Trying to build Timelion charts with metricbeat data


#1

Hey Folks,

I have installed Kibana v5 and I'm trying to build some nice Timelion charts using postgres metrics data collected via Metricbeat. I have noticed a strange issue, maybe I'm missing the point here:

I'm using the following query to draw two metricsets located on the same chart:
.es(metric=cardinality:postgresql.database.rows.deleted).label('rows deleted'), .es(metric=cardinality:postgresql.database.rows.updated).label('rows inserted')

Due some strange reason the chart looks like this:

So the request for 'rows deleted' seems to be fine (although i don't understand why the y-axis counter has only a range from 0-70). The line for 'rows inserted' is definetly not what i would expect that it should look like. Can someone tell me why?

Heres a part of "raw" data:

"postgresql": {
  "database": {
    "blocks": {
      "hit": 2924945303,
      "read": 395660,
      "time": {
        "read": {
          "ms": 0
        },
        "write": {
          "ms": 0
        }
      }
    },
    "conflicts": 0,
    "deadlocks": 0,
    "name": "xxx",
    "number_of_backends": 34,
    "oid": 16414,
    "rows": {
      "deleted": 11493269,
      "fetched": 2173275568,
      "inserted": 13233679,
      "returned": 42991645961,
      "updated": 33534467
    },

(Shaunak Kashyap) #2

Hi,

If you are referring to the sudden rise and drop at the ends of the "rows inserted" series, that might be because the x-axis time buckets at those points contain partial data. Try adding .trim() to the series definition expression.

Also, this might be irrelevant, but I just noticed that the series labeled "rows inserted" is actually using the postgresql.database.rows.updated field. Should it be using the postgresql.database.rows.inserted field instead?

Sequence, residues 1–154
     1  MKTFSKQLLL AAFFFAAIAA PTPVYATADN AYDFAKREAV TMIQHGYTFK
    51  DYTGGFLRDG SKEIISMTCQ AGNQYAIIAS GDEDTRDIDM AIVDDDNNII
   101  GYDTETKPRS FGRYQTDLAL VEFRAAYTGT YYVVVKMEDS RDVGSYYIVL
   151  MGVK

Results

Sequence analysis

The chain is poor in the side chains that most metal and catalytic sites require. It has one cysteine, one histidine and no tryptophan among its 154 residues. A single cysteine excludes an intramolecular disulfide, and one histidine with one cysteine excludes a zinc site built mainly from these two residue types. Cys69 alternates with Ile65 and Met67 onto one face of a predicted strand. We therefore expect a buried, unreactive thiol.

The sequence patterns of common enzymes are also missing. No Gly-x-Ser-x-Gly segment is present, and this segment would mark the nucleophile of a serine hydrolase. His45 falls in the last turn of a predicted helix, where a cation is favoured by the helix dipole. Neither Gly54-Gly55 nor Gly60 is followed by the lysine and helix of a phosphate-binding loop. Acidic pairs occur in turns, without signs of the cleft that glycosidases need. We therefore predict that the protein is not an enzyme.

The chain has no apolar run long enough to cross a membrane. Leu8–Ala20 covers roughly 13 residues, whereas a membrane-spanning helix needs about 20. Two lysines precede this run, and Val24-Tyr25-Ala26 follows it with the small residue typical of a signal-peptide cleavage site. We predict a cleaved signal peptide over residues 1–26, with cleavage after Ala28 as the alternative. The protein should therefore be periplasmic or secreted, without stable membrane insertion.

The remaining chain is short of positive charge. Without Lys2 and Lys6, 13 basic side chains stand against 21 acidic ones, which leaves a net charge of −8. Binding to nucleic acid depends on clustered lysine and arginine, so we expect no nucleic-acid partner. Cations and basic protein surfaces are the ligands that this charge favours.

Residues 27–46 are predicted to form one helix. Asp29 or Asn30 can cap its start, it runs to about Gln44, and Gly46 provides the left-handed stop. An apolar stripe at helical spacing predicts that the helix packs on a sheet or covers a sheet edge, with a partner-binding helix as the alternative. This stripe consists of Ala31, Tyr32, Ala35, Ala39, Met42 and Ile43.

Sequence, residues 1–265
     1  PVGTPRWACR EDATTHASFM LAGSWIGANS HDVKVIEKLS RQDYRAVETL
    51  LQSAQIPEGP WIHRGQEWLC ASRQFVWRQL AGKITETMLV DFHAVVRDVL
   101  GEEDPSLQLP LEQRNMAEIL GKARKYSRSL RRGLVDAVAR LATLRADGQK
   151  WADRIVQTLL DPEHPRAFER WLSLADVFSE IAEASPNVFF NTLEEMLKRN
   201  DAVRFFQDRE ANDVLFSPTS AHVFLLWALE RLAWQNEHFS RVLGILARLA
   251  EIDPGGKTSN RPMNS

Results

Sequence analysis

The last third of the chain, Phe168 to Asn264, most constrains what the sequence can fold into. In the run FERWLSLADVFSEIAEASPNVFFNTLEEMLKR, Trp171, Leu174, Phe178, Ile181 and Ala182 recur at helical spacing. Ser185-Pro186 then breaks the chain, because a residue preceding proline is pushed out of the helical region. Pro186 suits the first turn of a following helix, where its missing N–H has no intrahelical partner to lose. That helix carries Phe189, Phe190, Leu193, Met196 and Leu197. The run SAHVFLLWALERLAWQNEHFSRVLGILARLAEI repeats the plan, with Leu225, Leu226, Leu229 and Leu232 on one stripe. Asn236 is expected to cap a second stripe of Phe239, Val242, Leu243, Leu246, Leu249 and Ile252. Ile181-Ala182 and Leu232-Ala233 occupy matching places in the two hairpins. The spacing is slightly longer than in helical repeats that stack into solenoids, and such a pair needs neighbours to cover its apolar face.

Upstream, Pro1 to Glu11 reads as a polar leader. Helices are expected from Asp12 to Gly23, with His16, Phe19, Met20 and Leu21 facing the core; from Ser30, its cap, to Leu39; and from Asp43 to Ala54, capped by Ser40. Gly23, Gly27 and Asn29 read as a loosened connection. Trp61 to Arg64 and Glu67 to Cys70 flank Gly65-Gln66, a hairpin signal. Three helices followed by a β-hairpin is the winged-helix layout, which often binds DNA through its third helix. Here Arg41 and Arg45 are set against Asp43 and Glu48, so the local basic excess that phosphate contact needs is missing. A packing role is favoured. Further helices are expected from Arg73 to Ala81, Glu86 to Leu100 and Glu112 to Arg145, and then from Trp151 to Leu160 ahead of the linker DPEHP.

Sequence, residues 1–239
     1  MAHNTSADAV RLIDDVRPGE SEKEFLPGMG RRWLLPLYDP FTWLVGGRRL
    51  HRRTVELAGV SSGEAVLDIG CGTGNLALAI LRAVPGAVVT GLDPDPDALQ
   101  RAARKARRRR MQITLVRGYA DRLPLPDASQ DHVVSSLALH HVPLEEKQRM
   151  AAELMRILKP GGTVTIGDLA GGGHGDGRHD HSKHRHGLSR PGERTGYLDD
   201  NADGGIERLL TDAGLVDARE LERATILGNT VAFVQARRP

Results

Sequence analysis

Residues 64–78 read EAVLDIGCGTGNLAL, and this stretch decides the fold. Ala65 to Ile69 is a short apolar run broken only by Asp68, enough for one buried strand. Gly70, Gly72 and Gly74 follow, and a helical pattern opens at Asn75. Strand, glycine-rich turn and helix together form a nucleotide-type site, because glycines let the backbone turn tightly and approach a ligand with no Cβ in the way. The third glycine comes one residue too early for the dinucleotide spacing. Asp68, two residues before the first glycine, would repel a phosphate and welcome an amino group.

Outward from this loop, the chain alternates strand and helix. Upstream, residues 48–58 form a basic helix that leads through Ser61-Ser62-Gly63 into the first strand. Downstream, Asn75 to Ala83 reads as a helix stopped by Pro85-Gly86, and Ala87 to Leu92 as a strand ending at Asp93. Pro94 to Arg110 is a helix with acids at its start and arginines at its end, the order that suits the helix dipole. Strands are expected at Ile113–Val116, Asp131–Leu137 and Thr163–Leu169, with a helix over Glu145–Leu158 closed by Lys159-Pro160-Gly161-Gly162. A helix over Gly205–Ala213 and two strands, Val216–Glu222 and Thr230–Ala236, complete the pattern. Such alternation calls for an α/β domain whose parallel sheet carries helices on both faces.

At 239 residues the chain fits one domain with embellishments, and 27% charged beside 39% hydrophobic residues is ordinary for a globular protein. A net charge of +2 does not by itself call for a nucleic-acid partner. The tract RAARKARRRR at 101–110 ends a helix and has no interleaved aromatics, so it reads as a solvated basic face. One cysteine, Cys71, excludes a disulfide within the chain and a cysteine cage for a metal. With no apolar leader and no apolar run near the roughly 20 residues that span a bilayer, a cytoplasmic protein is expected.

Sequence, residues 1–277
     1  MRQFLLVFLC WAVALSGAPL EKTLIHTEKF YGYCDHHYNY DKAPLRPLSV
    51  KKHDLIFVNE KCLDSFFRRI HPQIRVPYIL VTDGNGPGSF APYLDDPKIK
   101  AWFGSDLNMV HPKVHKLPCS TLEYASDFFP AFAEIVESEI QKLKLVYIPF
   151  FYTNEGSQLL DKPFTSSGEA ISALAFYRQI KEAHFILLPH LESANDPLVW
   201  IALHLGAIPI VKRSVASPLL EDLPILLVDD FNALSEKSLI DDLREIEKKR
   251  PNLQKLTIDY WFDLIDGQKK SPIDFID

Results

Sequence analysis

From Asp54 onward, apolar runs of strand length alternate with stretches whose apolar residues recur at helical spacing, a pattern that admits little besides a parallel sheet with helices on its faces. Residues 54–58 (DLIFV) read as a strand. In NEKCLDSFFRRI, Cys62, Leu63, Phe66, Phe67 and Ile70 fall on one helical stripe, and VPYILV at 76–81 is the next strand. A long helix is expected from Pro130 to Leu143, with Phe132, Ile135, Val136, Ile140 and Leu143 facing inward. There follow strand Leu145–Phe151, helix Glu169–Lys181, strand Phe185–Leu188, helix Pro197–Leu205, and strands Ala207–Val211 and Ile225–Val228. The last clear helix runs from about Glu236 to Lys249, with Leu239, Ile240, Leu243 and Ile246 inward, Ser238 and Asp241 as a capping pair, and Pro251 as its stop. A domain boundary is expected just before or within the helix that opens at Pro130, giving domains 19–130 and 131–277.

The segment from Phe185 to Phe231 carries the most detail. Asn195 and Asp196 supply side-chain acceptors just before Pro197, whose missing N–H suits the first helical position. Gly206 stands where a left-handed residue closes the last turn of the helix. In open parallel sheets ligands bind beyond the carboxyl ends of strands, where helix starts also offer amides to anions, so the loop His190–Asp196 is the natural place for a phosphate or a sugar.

Shaunak


#3

Ok, maybe i was a bit unprecise here :slight_smile:

The obvious thing about this chart is, that the line for 'rows inserted' is just straight. There is no fluctuation in it, it is defnitely not representing the data as it is. Here is some example data:

'rows deleted' 'rows inserted'
99 78
13,549,210 11,762,099
99 78
0 0
99 78
13,549,204 11,762,098
0 0
99 78
99 78
0 0
99 78
13,549,194 11,762,098
99 78
13,549,184 11,762,098
99 78
0 0
13,549,176 11,762,098
99 78
0 0
99 78

And yes, you are right... in my example I have accidentally used 'postgresql.database.rows.updated' for 'rows inserted'. The reason is that i have tested several 'postgresql.database.rows.*' fields, all of them are showing pretty the same fluctuation as you can see in the expample data above. But only the field 'postgresql.database.rows.deleted' is showing a reasonable graph.


(Shaunak Kashyap) #4

I think this is happening because you are using the "cardinality" metric. This gives you the count of unique values in a field. So, for example, in the example data you provided, there are 4 unique values for the "rows inserted" field: 78, 11762099, 0, and 11762098.

I suspect what you want to use instead of "cardinality" is "sum" or possibly "avg".


(system) #5